Friday might be a good enough reason to drink, but this particular Friday also happens to be Mozart's Birthday.
Mouthfeel can be tricky to describe, but we’re going to give it a whirl. When you eat or drink something, the primary sense involved in that process are taste and smell. On some level, we understand that feel is important but it’s not the sense that carries the spotlight when it comes to consumption. Why not? You already know right now if you prefer soft tacos or crunchy. Marshmallows that have been toasted over a fire have crisp skin and gooey insides. We engage the sense of touch with our mouths all the time.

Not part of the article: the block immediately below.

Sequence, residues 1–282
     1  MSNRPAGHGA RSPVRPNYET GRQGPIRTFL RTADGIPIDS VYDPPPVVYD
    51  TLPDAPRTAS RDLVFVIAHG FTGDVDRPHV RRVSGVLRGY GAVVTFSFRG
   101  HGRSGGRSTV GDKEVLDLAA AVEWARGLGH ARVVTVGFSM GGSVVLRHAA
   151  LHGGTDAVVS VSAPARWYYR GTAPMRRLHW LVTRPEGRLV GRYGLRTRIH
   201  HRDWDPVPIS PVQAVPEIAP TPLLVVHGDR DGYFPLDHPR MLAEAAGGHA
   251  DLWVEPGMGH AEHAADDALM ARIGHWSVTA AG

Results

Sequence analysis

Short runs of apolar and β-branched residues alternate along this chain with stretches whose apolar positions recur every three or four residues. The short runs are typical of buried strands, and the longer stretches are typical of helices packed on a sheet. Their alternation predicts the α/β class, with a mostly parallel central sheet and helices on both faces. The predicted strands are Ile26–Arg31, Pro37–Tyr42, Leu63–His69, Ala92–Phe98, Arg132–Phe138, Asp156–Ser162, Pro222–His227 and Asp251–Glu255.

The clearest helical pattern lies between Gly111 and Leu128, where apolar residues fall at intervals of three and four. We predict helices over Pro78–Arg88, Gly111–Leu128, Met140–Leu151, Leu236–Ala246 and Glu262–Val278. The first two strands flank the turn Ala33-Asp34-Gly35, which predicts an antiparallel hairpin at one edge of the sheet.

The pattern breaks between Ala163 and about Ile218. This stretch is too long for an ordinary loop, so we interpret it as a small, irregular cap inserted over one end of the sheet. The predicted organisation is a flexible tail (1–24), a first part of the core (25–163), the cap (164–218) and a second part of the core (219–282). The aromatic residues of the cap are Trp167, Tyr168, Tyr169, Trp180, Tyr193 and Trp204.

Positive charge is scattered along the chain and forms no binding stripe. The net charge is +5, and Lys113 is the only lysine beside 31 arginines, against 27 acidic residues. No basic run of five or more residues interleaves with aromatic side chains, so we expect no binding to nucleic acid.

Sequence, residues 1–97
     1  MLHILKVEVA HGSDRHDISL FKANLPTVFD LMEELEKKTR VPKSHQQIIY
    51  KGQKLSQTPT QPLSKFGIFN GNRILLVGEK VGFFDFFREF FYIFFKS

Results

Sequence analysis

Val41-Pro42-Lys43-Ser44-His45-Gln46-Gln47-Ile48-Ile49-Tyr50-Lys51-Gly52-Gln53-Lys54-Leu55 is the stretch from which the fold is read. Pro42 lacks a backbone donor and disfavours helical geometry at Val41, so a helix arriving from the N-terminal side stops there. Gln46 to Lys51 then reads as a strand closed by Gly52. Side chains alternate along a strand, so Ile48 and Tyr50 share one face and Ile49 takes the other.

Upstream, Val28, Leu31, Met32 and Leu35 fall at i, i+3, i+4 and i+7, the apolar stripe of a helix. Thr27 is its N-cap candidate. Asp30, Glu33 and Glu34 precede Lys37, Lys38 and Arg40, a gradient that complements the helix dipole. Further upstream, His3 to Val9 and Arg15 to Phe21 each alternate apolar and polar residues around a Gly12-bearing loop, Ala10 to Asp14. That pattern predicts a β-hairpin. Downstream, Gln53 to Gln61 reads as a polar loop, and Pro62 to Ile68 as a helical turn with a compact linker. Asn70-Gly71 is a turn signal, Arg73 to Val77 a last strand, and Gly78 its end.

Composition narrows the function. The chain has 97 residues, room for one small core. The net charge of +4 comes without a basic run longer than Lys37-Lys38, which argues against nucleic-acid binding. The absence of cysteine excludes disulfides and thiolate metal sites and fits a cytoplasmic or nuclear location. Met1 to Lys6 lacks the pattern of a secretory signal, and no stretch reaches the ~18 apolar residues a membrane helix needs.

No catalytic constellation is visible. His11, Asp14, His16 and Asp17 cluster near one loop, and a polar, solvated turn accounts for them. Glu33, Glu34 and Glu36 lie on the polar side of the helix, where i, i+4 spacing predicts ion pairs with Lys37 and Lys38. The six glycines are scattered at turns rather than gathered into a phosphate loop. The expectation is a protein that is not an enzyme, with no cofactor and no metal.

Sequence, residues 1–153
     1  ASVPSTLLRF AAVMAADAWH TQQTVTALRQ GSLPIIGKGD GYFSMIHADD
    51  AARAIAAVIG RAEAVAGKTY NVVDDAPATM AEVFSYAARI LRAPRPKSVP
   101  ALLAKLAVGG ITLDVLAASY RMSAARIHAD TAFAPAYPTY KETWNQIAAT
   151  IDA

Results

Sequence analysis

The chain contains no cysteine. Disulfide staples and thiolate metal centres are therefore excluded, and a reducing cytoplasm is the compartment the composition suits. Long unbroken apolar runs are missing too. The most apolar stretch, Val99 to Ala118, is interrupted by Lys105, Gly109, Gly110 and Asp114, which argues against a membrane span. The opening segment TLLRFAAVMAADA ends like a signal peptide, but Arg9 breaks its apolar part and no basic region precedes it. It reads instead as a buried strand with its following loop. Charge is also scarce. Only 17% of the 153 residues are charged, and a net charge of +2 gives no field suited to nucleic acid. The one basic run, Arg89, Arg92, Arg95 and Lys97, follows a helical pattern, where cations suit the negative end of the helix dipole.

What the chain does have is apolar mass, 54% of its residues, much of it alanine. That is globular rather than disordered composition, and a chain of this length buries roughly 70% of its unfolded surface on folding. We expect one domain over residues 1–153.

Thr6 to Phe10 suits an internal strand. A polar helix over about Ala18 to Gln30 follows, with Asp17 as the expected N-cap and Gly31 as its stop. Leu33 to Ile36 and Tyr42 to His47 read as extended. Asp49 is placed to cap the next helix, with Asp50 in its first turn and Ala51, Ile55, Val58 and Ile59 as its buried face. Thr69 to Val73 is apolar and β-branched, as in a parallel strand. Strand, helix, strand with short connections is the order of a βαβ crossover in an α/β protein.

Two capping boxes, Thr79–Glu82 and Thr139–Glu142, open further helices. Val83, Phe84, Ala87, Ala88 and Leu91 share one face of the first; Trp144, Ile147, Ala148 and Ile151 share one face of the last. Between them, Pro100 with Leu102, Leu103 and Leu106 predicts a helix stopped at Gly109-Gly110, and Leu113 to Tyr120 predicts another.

Even when we drink beverages! Flat water or “con gas,” is a choice at fancy restaurants. Don’t think that’s where touch stops. We can and do detect viscosity in the liquids we consume. It has a strong effect on how we react to the way something tastes. A glass of milk will have different feel depending on how much fat is in it. Lumpy milk is generally not considered a tasty beverage. When you understand this concept, you understand the wine term “mouthfeel.”
If a wine has legs, it’s got a higher viscosity. If a wine has a thin body, it’s likely to have a lower viscosity. It’s fun to experiment with pairing foods with wine based on the mouthfeel. We paired Brute Champagne with guacamole. We went for a thin body to counter balance the high fat in the dish. However, opting for a buttery Chardonnay with more body could be a fantastic sensation as well. Mouthfeel is as important as taste or smell.
In fact, the only sense that doesn’t seem to have much to do with wine tasting at all is hearing. But we admit, we could be wrong about that.